Performance & drive
What it’s like to drive, and how quiet it is
Before we start going into detail about how comfortable the Mercedes EQC is and how competently it goes round corners, you will probably want to know how many miles it can do between charges. Well, according to Mercedes, it should be capable of travelling up to 255 miles (WLTP-certified) before it conks out.
In our Real Range tests, though, which involve a mix of motorway, country road and city driving, it achieved 208 miles on a full charge. While that is better than the 196 miles we got from the range-topping Audi E-tron 55 Quattro, it’s quite a way behind the 253 miles achieved by the Jaguar I-Pace EV400.
You certainly won’t have any complaints about its acceleration, though, because the EQC can hit 62mph from a standstill in just 5.1 seconds. That makes it faster than most hot hatchbacks or, more to the point, the Audi E-tron and BMW iX3. The I-Pace and Tesla Model X are faster still, but you would have to be a real speed freak to care.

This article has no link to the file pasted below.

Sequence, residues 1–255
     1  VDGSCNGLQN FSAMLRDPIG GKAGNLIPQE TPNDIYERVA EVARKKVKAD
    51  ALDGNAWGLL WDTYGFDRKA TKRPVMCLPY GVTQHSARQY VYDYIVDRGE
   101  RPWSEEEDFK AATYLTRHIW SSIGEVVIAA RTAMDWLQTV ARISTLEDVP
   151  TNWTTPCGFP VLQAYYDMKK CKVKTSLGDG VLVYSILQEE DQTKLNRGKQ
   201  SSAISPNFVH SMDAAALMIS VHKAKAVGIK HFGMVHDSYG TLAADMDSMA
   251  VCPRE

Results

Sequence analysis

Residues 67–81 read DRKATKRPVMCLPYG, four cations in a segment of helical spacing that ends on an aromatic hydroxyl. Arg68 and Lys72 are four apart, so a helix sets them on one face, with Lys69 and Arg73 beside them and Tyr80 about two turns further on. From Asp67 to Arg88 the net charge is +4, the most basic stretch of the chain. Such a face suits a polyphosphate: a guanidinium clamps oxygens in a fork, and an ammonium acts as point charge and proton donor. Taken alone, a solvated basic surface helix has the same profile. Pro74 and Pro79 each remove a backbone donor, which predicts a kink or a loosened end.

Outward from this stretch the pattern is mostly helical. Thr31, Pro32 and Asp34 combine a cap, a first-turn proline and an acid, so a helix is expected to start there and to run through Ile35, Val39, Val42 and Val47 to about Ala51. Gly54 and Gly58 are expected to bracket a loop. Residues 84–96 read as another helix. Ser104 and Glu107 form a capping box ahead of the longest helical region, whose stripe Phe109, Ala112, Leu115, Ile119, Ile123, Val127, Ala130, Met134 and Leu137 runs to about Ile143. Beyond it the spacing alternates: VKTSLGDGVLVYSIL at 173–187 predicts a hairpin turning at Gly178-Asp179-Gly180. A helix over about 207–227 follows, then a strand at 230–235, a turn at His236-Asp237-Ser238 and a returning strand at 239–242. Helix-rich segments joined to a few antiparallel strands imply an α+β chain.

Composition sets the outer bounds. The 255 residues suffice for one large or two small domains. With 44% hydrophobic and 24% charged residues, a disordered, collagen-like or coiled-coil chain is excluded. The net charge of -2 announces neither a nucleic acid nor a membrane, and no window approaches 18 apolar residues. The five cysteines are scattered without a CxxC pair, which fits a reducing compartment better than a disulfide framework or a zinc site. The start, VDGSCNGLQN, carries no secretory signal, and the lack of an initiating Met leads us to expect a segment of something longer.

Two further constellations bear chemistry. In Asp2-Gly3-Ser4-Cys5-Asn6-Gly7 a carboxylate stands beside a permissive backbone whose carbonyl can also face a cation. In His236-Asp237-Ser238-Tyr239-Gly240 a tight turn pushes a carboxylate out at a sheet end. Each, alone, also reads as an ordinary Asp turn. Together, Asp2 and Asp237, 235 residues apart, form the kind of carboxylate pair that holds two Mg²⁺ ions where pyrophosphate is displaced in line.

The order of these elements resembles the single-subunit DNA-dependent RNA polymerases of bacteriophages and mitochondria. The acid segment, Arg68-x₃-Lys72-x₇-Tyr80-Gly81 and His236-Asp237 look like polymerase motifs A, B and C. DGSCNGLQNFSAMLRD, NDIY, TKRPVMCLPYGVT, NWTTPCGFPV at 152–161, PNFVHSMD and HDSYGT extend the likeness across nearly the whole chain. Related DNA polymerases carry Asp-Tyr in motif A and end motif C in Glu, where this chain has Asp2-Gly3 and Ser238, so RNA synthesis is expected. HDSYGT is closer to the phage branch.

Indeed, you’re probably far more likely to be concerned about ride comfort, which is something the EQC does well, up to a point. On the average motorway, the ride is mostly calm and comfortable. It takes the initial sting out of potholes because the set-up is quite soft and absorbent, but it doesn't deal with the aftershock very well.
The result is that, around town or on a country road, any unevenness causes the EQC to pitch and wobble ceaselessly, which can get quite annoying. That's why the better-controlled iX3 or I-Pace (especially when fitted with standard 18in wheels) would be a better choice if ride quality is important to you.
However, the Mercedes EQC is very quiet — quieter than its main rivals. There is very little whine from the electric motors when you accelerate or decelerate, and just mild wind noise on the motorway. Road noise is a distant background murmur, and the suspension is the only irritation, as you can hear it boom away over bumps.
The EQC is not a great choice if you like going round corners quickly. Unlike the iX3, which is remarkably agile for an SUV, and the Tesla Model 3, which is one of the best-handling electric cars, the EQC does not appreciate being hustled.
If you corner with any gusto or ask it to change direction quickly, it sways about before running out of front-end grip sooner than you might imagine. Drive normally, though, and it's perfectly adequate, and the steering is light, precise and well-suited to motoring around town. It doesn’t give you a brilliant sense of connection with the front wheels during more spirited driving, though.
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